All species exist within a complex network of biotic interactions. Evolutionary changes within one pairwise species interaction can cascade through interaction networks, altering the evolutionary trajectory of connected species.
The partnership between rhizobia (nitrogen fixing bacteria) and legumes is an intimate and globally important relationship. Rhizobia facilitate the flow of nitrogen from the atmosphere to the plant, while plants provide bacteria with nutrients and shelter in the form of root nodules. However, rhizobia also live as free-living bacteria in the soil where they face interactions with a diverse microbial community. Key members of these soil communities are the temperate phages – bacterial viruses which can play numerous roles in bacterial populations as viral predators, as agents of horizontal gene transfer and as weapons of bacterial warfare.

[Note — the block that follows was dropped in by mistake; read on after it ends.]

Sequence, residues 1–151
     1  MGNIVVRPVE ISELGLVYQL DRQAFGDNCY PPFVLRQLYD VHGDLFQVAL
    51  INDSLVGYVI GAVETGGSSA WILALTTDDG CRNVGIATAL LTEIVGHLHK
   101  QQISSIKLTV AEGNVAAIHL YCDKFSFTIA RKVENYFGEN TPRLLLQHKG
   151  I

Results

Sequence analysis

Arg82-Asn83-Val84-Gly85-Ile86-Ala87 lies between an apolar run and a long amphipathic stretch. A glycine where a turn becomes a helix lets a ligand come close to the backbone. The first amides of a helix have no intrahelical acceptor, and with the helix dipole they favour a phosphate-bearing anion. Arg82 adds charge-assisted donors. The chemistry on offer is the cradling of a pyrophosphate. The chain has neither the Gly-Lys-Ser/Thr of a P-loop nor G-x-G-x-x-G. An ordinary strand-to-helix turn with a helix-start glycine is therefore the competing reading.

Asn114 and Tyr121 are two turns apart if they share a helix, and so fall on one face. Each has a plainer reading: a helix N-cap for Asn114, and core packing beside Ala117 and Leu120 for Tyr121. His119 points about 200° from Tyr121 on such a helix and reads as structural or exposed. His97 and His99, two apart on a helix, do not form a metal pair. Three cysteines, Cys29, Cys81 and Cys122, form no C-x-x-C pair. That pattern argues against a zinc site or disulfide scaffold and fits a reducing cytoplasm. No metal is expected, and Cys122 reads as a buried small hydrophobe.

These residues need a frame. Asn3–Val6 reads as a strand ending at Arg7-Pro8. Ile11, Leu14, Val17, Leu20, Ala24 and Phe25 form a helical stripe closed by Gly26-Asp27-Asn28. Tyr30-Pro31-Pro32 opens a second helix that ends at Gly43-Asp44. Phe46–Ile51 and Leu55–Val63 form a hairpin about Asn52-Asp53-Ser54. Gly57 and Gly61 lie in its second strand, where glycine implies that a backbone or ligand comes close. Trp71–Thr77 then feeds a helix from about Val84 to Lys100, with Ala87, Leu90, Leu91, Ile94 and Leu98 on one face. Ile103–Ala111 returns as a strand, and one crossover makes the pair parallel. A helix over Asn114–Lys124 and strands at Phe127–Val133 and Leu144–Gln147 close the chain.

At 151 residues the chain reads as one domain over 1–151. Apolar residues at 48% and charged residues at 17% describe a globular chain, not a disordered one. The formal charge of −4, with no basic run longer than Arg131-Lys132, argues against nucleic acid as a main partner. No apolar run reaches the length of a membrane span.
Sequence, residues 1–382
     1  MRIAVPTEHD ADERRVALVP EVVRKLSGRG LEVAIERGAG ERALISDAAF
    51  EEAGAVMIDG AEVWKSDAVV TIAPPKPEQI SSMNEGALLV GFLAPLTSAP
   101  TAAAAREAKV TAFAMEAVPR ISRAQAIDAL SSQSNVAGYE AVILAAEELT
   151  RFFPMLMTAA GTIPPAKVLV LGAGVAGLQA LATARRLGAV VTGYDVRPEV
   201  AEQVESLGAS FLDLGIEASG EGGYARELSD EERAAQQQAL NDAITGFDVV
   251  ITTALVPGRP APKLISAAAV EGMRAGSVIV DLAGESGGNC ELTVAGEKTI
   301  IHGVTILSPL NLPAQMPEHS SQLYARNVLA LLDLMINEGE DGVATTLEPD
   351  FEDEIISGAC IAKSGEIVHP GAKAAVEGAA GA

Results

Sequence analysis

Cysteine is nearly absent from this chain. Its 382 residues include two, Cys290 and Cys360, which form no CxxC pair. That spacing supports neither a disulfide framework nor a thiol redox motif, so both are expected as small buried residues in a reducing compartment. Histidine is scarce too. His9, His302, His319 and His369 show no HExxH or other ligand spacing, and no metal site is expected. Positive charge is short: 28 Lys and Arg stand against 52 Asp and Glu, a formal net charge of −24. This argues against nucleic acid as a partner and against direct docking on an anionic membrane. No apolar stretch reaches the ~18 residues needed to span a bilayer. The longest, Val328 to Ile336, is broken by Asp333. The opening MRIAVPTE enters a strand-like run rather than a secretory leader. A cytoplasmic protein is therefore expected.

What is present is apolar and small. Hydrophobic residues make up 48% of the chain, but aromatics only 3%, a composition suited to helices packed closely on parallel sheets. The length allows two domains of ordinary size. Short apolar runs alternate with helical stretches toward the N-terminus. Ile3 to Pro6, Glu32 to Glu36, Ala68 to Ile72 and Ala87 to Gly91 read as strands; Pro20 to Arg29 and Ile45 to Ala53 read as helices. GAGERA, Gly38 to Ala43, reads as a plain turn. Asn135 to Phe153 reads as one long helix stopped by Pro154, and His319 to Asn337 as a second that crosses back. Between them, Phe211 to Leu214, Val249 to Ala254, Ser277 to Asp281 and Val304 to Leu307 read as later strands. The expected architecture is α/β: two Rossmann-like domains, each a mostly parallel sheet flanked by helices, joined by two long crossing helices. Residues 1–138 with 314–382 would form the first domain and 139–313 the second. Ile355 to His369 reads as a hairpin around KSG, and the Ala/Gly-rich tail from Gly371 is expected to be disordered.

bacteria plasmid coevolution
evolution in Rhizobial communities
Collaborators: Peter Young (York), Ville Friman (York), Phil Poole (Oxford), Tim Daniell (Sheffield), Euan James (James Hutton Institute) , Pete Iannatta (James Hutton Institute)
Collaborators: Mike Brockhurst (Sheffield), Steve Paterson (Liverpool), Andrew Spiers (Abertay), Jamie Hall (Liverpool), Calvin Dytham (York)
Conjugative plasmids play a major role in bacterial evolution as vectors for horizontal gene transfer. However acquiring a new plasmid can be highly disruptive to the bacterial cell resulting in strong selective pressure to either loose the plasmid or ameliorate its cost.
In this work we have demonstrated that compensatory evolution to alleviate the cost of plasmid carriage is a major force underlying bacteria-plasmid relationships, helping to explain their ubiquity in the environment. These changes can have important consequences for the wider community, affecting coevolutionary interactions with other partners and the rate of gene transfer in other species. Current work is focused on understanding the mechanisms which underly these compensatory mutations and the impact of these evolutionary processes in more complex communities.